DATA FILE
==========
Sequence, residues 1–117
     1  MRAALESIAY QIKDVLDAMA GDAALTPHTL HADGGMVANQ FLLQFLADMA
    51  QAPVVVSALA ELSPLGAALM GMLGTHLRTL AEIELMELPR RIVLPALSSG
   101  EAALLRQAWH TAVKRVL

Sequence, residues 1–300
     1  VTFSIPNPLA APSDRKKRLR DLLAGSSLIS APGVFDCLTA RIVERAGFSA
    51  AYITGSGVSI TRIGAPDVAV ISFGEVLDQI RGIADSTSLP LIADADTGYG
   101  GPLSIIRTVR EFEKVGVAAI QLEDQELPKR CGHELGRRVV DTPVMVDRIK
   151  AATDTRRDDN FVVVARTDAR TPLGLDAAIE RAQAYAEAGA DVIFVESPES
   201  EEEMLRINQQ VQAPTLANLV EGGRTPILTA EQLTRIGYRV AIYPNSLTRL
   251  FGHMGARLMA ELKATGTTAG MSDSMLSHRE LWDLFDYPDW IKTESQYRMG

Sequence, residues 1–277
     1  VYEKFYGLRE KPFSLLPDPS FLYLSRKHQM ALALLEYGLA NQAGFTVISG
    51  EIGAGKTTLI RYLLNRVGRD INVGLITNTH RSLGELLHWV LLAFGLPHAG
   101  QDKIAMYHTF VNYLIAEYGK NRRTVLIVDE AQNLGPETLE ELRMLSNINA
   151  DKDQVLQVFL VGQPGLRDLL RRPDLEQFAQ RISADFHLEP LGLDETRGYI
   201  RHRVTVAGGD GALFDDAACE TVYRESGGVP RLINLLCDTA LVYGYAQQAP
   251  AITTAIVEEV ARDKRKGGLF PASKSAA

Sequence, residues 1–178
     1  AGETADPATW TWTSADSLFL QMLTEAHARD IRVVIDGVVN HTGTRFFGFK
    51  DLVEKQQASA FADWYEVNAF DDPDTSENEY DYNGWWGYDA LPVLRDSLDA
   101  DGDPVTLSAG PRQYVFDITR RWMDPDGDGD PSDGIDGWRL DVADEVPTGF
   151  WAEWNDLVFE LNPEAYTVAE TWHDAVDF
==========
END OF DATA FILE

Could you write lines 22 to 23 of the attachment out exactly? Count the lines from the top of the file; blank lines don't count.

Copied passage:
   101  DGDPVTLSAG PRQYVFDITR RWMDPDGDGD PSDGIDGWRL DVADEVPTGF
   151  WAEWNDLVFE LNPEAYTVAE TWHDAVDF